Influence of age and visceral fat area on plasma adiponectin concentrations in women with normal glucose tolerance

Soo Jeong Koh, Yae Jung Hyun, So Yeon Choi, Jey Sook Chae, Ji Young Kim, Sungha Park, Chul Min Ahn, Yangsoo Jang, Jong Ho Lee

Research output: Contribution to journalArticle

28 Citations (Scopus)

Abstract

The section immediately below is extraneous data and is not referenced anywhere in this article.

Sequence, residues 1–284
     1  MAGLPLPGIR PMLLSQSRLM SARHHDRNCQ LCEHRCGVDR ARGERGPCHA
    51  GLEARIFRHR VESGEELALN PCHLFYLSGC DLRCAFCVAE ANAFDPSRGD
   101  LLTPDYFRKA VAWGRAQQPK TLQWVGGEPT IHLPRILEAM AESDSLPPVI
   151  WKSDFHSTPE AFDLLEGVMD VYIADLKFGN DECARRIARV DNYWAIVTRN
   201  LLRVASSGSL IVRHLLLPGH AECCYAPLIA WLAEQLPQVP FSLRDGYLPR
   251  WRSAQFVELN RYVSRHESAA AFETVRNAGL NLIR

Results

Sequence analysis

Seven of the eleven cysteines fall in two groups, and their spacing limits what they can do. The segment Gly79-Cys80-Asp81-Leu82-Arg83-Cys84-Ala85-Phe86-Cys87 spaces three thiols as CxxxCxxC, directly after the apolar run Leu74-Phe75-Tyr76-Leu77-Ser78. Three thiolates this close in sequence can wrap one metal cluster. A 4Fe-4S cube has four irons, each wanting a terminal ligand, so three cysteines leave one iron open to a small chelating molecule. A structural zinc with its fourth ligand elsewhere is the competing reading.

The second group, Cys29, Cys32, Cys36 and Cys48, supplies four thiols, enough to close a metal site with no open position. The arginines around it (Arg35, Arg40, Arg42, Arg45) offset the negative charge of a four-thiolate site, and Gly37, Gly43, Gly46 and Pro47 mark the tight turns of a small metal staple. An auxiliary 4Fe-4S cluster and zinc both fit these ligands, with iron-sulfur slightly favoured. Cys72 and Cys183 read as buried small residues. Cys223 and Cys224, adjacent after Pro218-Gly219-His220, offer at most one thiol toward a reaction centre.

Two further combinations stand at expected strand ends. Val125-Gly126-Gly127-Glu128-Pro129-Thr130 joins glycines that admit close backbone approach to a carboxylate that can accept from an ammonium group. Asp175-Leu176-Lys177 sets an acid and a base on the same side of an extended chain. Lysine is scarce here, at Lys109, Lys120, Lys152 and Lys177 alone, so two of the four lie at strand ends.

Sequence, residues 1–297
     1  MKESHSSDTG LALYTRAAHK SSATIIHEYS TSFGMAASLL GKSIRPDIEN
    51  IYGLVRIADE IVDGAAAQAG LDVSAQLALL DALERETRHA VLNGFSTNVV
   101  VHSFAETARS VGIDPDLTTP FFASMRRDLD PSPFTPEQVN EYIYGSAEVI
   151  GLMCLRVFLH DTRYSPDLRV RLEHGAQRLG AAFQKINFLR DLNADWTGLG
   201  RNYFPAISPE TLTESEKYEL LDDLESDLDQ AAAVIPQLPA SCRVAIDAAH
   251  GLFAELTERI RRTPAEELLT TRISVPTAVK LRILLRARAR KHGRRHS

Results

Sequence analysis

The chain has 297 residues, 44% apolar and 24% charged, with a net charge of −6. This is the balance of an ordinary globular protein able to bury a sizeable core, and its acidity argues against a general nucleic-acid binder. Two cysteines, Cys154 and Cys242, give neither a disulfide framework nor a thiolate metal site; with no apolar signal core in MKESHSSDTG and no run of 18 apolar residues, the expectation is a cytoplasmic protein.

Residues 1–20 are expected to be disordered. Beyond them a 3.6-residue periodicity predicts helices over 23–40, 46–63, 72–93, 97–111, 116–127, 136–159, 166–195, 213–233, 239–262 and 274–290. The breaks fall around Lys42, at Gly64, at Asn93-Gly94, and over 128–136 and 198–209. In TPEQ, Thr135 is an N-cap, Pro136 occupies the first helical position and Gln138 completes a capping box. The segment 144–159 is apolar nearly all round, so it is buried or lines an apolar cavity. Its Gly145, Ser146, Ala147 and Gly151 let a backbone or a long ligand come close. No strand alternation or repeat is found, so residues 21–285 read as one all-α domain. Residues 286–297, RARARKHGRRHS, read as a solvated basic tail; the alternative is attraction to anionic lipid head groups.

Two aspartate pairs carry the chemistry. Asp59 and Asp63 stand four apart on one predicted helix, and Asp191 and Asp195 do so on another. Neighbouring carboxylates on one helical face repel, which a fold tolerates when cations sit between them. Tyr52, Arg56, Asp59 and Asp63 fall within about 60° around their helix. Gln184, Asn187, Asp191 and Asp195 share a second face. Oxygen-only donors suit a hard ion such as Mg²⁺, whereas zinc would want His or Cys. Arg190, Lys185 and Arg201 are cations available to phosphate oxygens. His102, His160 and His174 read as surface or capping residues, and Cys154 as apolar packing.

Background: Age-related adiponectin concentration has been discrepantly reported. We investigated the distribution of adiponectin by age in healthy women with normal glucose tolerance (NGT) and the relationship of adiponectin with visceral fat area (VFA). Methods: Three-hundred fifty-nine women (age: 38 ± 0.6 years, BMI: 26.5 ± 0.2 kg/m2) were categorized into 4 age-groups: 20-29, 30-39, 40-49, and 50-64 years. Computed tomography was performed to measure abdominal fat area and adiponectin, TNF-α, interleukin-6 (IL-6), CRP, insulin, free fatty acid (FFA), and blood urea nitrogen (BUN) were determined. Results: No significant differences were observed in BMI, total body fat percent and concentrations of insulin, IL-6 and CRP among age-groups. Waist circumference, total fat area at L4, and FFA were significantly higher only in postmenopausal women than in previous decades of premenopausal women. VFA, adiponectin and TNF-α concentrations are significantly higher in older women than in younger women. Higher adiponectin concentration in older women was clearly shown even after adjustment for VFA (P < 0.05). Age per se was positively correlated with plasma adiponectin concentrations (r = 0.21, P < 0.001) and these relationship became stronger (r = 0.36, P < 0.001) after controlled for VFA. VFA was negatively correlated with adiponectin (r = - 0.16, P < 0.01) in total studied population. However, when analyzed subgroups separately, a strong negative correlation (r = - 0.37, P < 0.001) was found in younger women (< 40 years), while a weak significant relationship (r = - 0.18, P < 0.05) was found in older women (≥ 40 years). In a multiple stepwise regression model to predict adiponectin, only age and VFA remained in the model at P < 0.001. Conclusions: We observed a significant positive relationship between plasma adiponectin and age, even after adjustment for visceral adiposity. These associations suggest that adiponectin concentrations are affected by visceral adiposity, with additional independent effects of age.